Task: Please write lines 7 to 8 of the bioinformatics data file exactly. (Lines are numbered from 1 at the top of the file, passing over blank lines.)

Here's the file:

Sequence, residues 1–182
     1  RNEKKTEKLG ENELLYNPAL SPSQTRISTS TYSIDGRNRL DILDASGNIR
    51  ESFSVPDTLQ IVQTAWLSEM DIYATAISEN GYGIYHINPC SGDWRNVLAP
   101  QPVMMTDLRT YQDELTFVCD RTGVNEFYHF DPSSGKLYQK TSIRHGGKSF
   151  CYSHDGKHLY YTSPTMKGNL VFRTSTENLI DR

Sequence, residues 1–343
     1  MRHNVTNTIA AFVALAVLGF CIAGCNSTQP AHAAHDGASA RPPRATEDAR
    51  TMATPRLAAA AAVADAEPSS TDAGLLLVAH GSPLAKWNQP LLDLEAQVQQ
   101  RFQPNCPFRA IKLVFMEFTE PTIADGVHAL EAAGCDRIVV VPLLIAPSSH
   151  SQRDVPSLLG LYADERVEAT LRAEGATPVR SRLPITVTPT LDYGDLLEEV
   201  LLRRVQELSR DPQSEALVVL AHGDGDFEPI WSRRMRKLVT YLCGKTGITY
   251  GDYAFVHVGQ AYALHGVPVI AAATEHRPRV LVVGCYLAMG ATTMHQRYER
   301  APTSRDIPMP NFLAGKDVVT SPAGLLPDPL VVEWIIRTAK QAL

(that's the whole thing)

     1  MRHNVTNTIA AFVALAVLGF CIAGCNSTQP AHAAHDGASA RPPRATEDAR
    51  TMATPRLAAA AAVADAEPSS TDAGLLLVAH GSPLAKWNQP LLDLEAQVQQ